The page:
Liver cancer deaths in UK at record high - charity
By Jemma Crew, PA Health and Science Correspondent
The number of people dying from liver cancer each year has hit a record high, according to analysis by a charity.
Mortality data shows around 5,700 people died from liver cancer in the UK in 2017, Cancer Research UK said.
This is up from 3,200 deaths in 2007.
When taking into account population changes, this equates to mortality rates rising 50% over a decade, and tripling since records began in 1971.
It comes as separate research due to be presented at a cancer conference in Glasgow shows the number of deaths from the most common type of the disease, hepatocellular carcinoma (HCC), tripled between 1997 and 2016.
Dr Anya Burton, a cancer epidemiologist at Public Health England, told the National Cancer Research Institute conference that incidences in England are "increasing rapidly".
Liver cancer has seen the biggest increase in deaths out of all cancers, and the most rapid rise since records began.
Experts at the charity believe this is due to a 60% increase in the numbers of people being diagnosed with the disease over the last 10 years.
It is also notoriously difficult to treat, with survival for more than five years ranging from 6% to 37% depending on age and gender.
Symptoms are hard to spot at an early stage, which means for many patients surgery is not an option because their cancer has already spread.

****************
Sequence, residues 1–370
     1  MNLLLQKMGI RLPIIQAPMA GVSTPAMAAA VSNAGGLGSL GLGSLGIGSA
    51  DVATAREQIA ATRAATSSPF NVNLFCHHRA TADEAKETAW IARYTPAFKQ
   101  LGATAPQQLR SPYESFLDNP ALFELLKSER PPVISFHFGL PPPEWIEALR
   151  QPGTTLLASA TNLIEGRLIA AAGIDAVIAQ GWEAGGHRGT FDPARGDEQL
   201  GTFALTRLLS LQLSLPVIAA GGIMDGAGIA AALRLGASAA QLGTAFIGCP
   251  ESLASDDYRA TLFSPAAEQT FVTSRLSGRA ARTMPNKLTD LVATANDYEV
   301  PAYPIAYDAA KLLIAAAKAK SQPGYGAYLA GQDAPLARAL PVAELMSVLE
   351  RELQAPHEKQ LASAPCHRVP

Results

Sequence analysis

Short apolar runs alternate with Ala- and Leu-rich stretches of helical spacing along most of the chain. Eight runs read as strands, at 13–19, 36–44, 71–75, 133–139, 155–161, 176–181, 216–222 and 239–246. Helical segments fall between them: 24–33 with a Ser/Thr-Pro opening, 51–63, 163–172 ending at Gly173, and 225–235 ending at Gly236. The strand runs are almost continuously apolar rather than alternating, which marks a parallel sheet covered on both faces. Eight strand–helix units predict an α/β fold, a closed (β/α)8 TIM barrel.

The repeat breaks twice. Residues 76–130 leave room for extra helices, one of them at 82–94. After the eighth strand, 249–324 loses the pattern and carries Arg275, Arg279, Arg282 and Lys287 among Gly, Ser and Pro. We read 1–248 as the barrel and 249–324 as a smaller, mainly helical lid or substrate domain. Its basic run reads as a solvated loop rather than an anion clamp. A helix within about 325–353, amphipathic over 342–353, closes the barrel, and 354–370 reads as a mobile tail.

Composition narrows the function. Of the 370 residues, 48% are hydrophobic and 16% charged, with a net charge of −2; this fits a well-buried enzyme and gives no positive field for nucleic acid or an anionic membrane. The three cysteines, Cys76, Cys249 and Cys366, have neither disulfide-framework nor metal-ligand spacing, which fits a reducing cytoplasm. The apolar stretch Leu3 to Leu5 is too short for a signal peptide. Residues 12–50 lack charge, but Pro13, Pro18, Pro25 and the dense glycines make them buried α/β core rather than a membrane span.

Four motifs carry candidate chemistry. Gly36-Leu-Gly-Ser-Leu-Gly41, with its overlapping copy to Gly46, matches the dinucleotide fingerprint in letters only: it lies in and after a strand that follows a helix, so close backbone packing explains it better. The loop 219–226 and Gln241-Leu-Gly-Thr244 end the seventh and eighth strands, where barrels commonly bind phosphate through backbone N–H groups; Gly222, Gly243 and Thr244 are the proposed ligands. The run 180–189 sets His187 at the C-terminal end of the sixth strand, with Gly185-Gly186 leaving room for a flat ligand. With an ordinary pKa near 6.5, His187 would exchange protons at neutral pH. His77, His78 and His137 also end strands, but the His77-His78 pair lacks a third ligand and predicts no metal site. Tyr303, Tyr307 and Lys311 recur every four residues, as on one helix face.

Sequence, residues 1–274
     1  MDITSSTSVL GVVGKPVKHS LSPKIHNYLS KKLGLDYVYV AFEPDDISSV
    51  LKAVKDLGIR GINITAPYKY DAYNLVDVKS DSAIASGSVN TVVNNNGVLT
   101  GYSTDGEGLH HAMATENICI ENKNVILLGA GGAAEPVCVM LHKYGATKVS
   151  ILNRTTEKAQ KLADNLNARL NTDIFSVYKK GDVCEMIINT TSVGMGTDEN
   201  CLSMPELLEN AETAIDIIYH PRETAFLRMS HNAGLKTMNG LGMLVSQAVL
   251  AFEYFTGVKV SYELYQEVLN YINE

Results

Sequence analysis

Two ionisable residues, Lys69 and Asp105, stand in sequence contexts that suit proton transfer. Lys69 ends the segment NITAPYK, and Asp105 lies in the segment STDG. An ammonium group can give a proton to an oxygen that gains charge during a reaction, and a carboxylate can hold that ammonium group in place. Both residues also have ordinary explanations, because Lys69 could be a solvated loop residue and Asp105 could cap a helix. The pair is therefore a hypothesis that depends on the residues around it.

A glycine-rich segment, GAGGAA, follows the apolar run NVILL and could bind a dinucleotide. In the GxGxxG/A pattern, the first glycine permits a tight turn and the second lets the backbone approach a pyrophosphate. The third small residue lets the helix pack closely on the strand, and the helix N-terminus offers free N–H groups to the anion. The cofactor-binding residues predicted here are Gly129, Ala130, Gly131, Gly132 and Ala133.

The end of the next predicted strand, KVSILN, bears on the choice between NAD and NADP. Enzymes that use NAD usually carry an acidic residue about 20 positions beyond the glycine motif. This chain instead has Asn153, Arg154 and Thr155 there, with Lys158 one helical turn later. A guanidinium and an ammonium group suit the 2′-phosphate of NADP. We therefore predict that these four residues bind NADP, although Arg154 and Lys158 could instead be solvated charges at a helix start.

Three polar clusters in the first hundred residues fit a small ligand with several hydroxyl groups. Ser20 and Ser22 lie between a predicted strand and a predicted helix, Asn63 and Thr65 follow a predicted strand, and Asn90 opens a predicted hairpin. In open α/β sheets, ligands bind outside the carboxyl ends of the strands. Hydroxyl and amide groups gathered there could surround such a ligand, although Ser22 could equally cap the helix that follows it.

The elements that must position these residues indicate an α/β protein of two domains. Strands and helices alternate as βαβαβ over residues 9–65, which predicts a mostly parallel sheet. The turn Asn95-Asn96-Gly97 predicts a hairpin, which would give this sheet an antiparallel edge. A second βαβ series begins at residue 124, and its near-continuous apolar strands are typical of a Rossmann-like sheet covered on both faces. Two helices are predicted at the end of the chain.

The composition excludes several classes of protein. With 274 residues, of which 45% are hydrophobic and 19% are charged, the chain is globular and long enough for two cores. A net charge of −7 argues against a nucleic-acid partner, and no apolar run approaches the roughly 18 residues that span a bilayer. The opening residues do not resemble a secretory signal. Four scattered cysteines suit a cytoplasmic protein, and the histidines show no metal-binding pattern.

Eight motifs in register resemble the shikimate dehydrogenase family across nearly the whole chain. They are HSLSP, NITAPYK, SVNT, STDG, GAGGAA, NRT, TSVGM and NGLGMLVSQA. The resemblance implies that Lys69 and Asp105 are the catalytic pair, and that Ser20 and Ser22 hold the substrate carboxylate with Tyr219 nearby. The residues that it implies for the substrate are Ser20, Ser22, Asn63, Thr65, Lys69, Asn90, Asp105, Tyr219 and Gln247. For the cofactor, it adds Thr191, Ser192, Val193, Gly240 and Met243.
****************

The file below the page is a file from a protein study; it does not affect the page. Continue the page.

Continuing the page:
Cancer Research UK's liver cancer expert, Professor Helen Reeves at Newcastle University, said progress in treating liver cancer has been "painfully slow".
She said: "Another problem is the rise in the number of people being diagnosed, which has meant we are losing more people to this disease than ever before.
"Rising levels of obesity and associated conditions like diabetes and non-alcoholic fatty liver disease have likely had a big role in this, although they aren't the only factors.
"But the good news is that there are some potentially game-changing treatments on the way. Research looking at refining immunotherapy has been hugely promising.
"It doesn't work in all patients just yet and we're still looking at why that is, but it can add years to lives when it does."
Around 5,900 people are diagnosed with liver cancer each year in the UK, and numbers are predicted to rise.
Around half of cases of liver cancer are preventable, with being overweight and smoking two of the biggest causes.
Cancer Research UK's chief executive Michelle Mitchell said: "A lot of progress has been made saving lives from cancer, but it's worrying to see deaths from liver cancer increasing at such an alarming rate.
"Far too many lives are being lost, which is why we're funding more research into this area. And aiming to understand more about the biology of the disease to develop better treatments."